“During a PDA in Fall 2004, Dr. Blythe completed a 350-page draft of this book, and will be finishing it in about one year. Establishing such a neglected figure as central to the history of political thought will potentially have a profound effect on our understanding of Western democracy. . . .
“In the course of all these contributions to the university and scholarship, Blythe has remained devoted to graduate and undergraduate teaching, and has consistently received excellent teaching evaluations. One sign of this is the fact that he now has seven Ph.D. students in a field that we do not emphasize and that in the past has produced no Ph.D.s. He has also been instrumental in revising the Ph.D. curriculum and in developing and teaching a new required Ph.D. course in the rapidly-expanding field of global history. . . .”
William Frazier participates in symposium on Arkansas’s role in the Mexican War
[20 August 2005] William Frazier, who received his M.A. in History from The University of Memphis in 2002, spoke this afternoon in the symposium “Ready, Booted & Spurred”: Arkansas & the U.S.-Mexican War. The symposium, which was held at the Old State House Museum in Little Rock, Arkansas, was on Arkansas’s role in the Mexican War and the impact of that conflict on the Civil War 15 years later. Besides Frazier, who is guest curator of the Museum’s continuing exhibit “Try Us”: Arkansas & the U.S.-Mexican War, the speakers included Dr. Elliot West, Alumni Distinguished Professor, Department of History, University of Arkansas; and Dr. Donald Shaw Frazier, Professor, Department of History, McMurry University, and Executive Director, McWhiney Foundation.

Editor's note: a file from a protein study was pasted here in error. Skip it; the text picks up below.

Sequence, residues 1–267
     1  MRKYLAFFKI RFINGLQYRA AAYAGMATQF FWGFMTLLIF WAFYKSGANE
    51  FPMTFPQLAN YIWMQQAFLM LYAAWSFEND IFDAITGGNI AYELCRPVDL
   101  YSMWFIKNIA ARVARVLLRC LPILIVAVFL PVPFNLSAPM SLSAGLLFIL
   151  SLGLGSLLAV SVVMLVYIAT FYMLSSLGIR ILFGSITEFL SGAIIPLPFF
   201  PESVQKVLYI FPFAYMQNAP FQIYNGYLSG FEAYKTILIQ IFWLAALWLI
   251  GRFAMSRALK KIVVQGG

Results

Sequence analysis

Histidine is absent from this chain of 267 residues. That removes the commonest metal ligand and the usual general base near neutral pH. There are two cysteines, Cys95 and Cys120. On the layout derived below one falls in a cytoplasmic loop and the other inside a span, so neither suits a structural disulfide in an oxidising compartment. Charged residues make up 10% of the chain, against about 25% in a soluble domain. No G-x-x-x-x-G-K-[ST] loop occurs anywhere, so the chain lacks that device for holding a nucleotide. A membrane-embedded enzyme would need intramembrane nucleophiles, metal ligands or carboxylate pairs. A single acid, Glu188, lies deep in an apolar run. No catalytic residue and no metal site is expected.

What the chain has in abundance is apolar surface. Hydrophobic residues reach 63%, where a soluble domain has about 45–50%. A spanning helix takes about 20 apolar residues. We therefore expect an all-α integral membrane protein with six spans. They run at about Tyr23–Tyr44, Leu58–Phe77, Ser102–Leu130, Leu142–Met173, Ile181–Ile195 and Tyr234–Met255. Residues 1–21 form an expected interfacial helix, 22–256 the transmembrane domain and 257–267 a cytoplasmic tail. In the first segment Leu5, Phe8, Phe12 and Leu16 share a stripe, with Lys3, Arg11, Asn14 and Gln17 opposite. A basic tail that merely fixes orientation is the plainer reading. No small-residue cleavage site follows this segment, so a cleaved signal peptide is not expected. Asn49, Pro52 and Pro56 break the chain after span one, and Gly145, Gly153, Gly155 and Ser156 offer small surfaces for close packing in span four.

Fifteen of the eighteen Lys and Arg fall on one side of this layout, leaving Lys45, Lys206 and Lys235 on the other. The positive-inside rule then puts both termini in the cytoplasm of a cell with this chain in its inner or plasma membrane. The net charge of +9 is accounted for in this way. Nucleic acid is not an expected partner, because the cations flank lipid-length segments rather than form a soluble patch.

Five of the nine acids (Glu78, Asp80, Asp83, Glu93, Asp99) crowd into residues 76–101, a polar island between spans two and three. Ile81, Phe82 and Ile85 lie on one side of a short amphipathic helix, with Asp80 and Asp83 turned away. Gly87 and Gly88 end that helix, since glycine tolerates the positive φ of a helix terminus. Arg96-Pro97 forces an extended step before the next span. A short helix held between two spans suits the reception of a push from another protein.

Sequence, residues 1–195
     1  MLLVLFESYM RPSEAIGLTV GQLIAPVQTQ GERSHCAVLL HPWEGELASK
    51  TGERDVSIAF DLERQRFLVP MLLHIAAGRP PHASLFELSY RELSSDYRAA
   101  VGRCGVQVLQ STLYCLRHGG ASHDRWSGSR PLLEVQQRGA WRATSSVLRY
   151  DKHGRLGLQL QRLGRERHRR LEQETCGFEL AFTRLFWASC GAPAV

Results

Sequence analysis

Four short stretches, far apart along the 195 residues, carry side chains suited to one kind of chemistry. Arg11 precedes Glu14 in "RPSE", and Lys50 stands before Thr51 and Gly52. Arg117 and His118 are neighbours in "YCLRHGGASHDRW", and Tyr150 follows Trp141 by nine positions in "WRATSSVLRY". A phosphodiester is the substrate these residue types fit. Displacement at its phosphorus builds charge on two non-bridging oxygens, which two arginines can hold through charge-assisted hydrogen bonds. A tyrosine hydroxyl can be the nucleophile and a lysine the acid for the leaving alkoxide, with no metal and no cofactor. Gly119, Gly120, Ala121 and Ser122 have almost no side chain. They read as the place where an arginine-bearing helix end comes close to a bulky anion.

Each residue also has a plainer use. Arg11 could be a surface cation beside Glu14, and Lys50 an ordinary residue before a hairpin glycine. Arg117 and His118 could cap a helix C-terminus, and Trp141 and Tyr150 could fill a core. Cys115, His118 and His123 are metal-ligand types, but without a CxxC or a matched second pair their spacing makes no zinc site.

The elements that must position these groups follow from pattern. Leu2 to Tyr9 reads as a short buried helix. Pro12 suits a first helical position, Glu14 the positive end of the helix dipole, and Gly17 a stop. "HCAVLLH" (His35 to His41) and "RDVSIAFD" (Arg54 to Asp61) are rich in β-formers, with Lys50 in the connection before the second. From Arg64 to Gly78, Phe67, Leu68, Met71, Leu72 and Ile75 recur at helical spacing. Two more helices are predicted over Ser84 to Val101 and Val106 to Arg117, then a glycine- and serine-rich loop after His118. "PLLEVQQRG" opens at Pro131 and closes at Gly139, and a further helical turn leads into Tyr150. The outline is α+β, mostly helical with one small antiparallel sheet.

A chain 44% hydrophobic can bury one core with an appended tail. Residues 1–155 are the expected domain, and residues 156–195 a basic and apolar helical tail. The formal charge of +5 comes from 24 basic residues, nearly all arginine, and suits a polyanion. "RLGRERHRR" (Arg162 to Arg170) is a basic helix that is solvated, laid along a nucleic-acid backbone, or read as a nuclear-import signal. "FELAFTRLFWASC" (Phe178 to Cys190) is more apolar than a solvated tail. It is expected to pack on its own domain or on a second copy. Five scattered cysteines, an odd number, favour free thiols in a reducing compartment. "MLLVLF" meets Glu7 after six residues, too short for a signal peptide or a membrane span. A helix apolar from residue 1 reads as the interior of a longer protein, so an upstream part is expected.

Dr Stephen Stein moderates panel discussion on World War II
[17 August 2005] Dr Stephen Stein, Instructor, Department of History, moderated a panel this afternoon entitled “The Veterans Speak: Memories from the Pacific Theatre.” This was the third in a series of programs on the Second World War entitled “60 Years After,” sponsored by Friends of the University Libraries. The panelists included Dr John Lasley Dameron, Mr Howard Lee, and Dr Ernest Withers, all of whom served in many interesting capacities with the United States armed forces in the Pacific during the war years.
Hooks Institute receives $248,000 grant for civic education project
[28 July 2005] The U.S. Department of Education has awarded the Benjamin L. Hooks Institute for Social Change a grant of $248,000 to support the Institute’s project “Civic Education for Social Change.” Dr D’Ann Penner, Associate Professor of History, is Director of the Institute.
Each year since 1998, the Hooks Institute has brought elementary- and secondary-school students to The University of Memphis campus for a program on the history of the Civil Rights Movement. In the past six years, over two thousand students have attended, many of them many at-risk children who are on a university campus for the first time, where they have been introduced to the possibility of attending college. Dr Benjamin Hooks and guest speakers have presented programs on such diverse topics as “Voting: Why Bother?”; “Wilt Chamberlain, Bill Russell, and the Civil Rights Movement” ; and “Predatory Lending: Don’t Be Fooled.”
Local television stations interview Dr Charles W. Crawford and Dr Douglas Cupples
[27 July 2005] Dr Charles W. Crawford and Dr Douglas Cupples were interviewed recently by local television stations about historical subjects. WKNO interviewed Dr Crawford for a documentary program that it is preparing on former Memphis Mayor E. H. “Boss” Crump. The program is tentatively scheduled to be shown in late 2005. Channel 24 interviewed Dr Cupples about General Nathan Bedford Forrest Park and the current controversy over the renaming of public parks in Memphis. The interview was for a newscast today by ABC 24 Eyewitness News.
Funeral services for Charles Ferris
[16 July 2005] Charles Ferris, doctoral candidate in the Department of History, died Wednesday, 12 July. There was a graveside service at Temple Israel Cemetery, 1708 Hernando Road, Memphis, Tennessee 38106, at 1 pm on Thursday, 14 July.